23 March 2011

War of 1812 Bicentennial Commemoration

Next year marks the start of the Bicentennial Commemoration of the War of 1812. Our Navy is partnering with non-profit organizations and cities around the nation to put together a commemoration program that will celebrate and honor our contribution to the war and the lasting impact it has had on our Navy and our nation. This commemoration program will not only educate the public on the importance of our Navy’s contribution to the war, but will also demonstrate – through Fleet Weeks, Navy Weeks and other special events – the great talent and capability of our Sailors today.

In keeping with our Navy’s commitment to commemorate the War of 1812 and preserve our rich history, I intend to establish a drumbeat on this blog where we can discuss key battles and events and the lesser known facts that I believe shaped the war and in many cases have had a lasting effect on our Navy and nation.

I personally find the War of 1812 to be a very interesting part of our history and look forward to discussing it with you. It’s a war widely known as the “second war of independence” during which our undersized military took on the world’s largest empire and greatest Navy. From USS CONSTITUTION’s (“Old Ironsides”) defeat of HMS Guerriere to the Battle of Baltimore (which inspired our national anthem), to the Battle of New Orleans, our Navy scored decisive victories that continue to inspire us today.

But along with the tales of triumph and glory, there are those of serious economic challenges, military defeat and political division so severe that it threatened to break apart our young nation.
When we declared war on Britain in 1812, our nation had an Army of less than 10,000 and a Navy with 16 ships; we were in a deep economic depression – an unintended consequence of the Embargo Act of 1807 – that was crippling our economy and threatening the livelihood of our nation; and there was a strong minority in Congress staunchly opposed to war with the British Empire. We were clearly unprepared to take on the world’s greatest navy of 1,500 war vessels manned with the battle-hardened Officers and Sailors of the Royal Navy. In fact, the United States was viewed merely as a distraction for Britain, whose real focus was on defeating Napoleon’s France. But our Congress mustered the votes, issued the declaration for “Mr. Madison’s War” on 18 June 1812 and we went to war with what we had.

I look forward to digging into the war’s key battles and discussing the Great Lakes Fleet, our strategy of using American Privateers (who captured over 500 British vessels from 1813-14) and even some of the peculiarities of the war; such as, our greatest and arguably most impactful land battle of the time (New Orleans) which occurred two weeks after we had signed the Treaty of Ghent ending the war (poor communications can also be attributed to the start of the war). The outcome of the battle had absolutely no impact on the war, but was significant because it instilled in our nation a renewed sense of nationalism and pride.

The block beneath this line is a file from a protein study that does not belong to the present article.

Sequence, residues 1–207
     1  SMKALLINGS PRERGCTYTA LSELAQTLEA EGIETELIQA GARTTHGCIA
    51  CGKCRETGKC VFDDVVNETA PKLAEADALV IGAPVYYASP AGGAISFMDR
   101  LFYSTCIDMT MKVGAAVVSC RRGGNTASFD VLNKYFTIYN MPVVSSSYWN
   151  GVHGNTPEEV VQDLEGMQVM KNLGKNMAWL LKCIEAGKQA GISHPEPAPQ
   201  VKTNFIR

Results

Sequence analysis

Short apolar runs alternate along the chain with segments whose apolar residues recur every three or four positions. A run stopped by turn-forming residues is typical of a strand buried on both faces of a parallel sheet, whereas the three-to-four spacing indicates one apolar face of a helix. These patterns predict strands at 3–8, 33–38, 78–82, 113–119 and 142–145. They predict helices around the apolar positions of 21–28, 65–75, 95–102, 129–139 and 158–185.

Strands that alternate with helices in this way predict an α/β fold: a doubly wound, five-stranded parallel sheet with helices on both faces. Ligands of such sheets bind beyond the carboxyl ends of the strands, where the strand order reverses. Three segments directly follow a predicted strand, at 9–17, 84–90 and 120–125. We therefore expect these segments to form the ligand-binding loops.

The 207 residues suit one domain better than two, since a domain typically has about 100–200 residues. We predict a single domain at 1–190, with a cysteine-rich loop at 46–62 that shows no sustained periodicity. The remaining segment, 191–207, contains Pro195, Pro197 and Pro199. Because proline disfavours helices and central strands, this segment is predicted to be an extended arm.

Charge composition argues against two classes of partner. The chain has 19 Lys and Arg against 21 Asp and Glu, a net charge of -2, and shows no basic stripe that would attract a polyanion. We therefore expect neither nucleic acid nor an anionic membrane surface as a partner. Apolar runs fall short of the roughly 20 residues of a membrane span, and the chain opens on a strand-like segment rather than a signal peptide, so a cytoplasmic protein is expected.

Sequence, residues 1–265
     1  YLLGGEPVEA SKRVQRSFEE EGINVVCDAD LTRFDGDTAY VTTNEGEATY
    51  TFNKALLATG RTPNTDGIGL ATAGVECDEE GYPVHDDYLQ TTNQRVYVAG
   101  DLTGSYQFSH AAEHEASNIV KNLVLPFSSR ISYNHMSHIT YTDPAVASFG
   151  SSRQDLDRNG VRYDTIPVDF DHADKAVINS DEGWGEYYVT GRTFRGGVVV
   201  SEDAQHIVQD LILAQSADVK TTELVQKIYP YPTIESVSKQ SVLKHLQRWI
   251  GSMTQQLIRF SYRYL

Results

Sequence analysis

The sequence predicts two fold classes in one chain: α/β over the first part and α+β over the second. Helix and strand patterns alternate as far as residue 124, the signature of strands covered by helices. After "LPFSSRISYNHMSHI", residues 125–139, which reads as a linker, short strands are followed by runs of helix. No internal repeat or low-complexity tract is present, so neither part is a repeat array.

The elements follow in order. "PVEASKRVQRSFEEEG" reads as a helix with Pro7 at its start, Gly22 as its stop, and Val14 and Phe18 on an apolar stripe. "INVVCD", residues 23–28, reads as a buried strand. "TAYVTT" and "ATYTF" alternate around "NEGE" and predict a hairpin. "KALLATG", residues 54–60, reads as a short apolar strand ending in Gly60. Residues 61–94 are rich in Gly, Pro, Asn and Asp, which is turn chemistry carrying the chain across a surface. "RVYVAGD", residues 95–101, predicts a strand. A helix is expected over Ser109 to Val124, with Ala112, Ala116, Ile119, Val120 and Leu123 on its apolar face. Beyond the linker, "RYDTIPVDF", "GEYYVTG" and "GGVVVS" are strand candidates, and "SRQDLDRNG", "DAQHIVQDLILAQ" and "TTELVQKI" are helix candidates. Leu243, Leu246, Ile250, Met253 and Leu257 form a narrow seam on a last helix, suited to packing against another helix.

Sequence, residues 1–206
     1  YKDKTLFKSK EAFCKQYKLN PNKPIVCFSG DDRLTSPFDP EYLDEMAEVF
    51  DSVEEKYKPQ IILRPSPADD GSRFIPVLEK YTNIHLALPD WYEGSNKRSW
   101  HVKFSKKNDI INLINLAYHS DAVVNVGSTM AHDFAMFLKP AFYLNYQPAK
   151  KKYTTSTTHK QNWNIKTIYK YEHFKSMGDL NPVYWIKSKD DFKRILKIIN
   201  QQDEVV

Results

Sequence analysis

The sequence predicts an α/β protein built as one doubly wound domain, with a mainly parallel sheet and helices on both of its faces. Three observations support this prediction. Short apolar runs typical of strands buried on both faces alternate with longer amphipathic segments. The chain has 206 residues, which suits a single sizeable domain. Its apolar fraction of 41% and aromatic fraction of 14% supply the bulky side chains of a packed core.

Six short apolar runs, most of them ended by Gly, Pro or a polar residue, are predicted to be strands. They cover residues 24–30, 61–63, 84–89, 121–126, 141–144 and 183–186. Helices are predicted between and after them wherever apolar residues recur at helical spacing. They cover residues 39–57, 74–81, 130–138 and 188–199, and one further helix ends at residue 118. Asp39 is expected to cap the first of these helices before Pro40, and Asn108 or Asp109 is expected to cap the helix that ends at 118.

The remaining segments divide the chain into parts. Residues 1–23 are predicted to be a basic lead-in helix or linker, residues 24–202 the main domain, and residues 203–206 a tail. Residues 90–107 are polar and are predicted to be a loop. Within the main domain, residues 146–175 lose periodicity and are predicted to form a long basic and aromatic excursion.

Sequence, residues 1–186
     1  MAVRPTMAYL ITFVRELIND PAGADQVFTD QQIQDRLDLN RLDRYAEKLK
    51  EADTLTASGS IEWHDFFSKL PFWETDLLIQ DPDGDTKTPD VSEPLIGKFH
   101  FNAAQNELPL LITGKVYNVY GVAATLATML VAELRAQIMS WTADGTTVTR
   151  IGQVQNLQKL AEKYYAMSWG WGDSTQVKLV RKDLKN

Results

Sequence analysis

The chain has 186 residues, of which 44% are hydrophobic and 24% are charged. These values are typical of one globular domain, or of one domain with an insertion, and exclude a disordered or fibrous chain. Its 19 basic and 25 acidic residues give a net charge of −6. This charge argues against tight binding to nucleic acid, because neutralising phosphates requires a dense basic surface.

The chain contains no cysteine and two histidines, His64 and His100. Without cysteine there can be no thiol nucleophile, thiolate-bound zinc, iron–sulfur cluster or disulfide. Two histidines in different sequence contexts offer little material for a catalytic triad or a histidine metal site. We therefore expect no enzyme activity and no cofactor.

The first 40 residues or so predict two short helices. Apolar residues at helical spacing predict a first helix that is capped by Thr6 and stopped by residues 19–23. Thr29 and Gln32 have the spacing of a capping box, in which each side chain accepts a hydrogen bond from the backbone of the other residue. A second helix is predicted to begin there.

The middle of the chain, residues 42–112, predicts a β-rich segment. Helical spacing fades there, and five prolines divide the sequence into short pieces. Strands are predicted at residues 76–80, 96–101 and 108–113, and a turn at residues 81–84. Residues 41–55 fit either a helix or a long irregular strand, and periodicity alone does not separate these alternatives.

There is much that I look forward to talking about and certainly hope you will join in the discussion.
Stay tuned for updates on the War of 1812 Bicentennial Commemoration.
All the best, JCHjr


CDR Fritz said...


I look forward to this discussion. Having grown up in Toledo and learning to sail on Lake Erie, including frequent trips to Put-in-Bay and Perry's Victory and International Peace Memorial, I can honestly say that the War of 1812 influenced my decision to join the Navy.

Another fine naval practice of last century also contributed to my decision to join the Navy - the Navy's Great Lakes cruises. I can remember as a child going down to the Port of Toledo to visit the ships - LSTs and shallow draft FRAM II DDs, etc.

Unfortunately, the Navy's Great Lakes cruises have died, a victim of many causes - the end of the Cold War, the downsizing of the fleet, etc. And it is really too bad because these cruises helped to build bridges back then while today there is a widening civil-military gap and a growing distance between American citizens and their Navy. Would Great Lake cruises today solve all these problems? Of course not, but sustained engagement is how you build a reservoir of good will.

I look forward to the War of 1812 Bicentennial Commemoration, and perhaps it will be able to build some bridges.


CDR Fritz

Anonymous said...


And don't forget us up here on Lake Ontario either!! After all, why was DC burned? In revenge for the "sacking" of York, Upper Canada (aka, Toronto)!

Looking forward to the history lessons.


Anonymous said...

"A leader takes people where they want to go. A great leader takes people where they don't necessarily want to go, but ought to be."
- Rosalynn Carter

Sounds a lot like YOU!

Tom Behr said...

As the author of a historical novel set in America's 1801-1805 war against Tripoli, Blood Brothers: A Novel of Courage and Treachery on the Shores of Tripoli, I'd love to start or participate in discussions on any of these topics:

*Edward Preble's role in creating the first generation of American naval heroes (Decatur, Hull, Lawrence, Mcdonough, Bainbridge, Porter - and through him, Farragut - an impressive list.

*American naval technology in ship building as a deliberate strategy against larger European navies

*American tactics and weapons as a strategic advantage - especially against the British

*Training of a ship's crew linked to technology and tactics

My "Leadership" quote: "A captain who can only maintain discipline with the lash is whipping the wrong man." Edward Preble

Your thoughts?
Tom Behr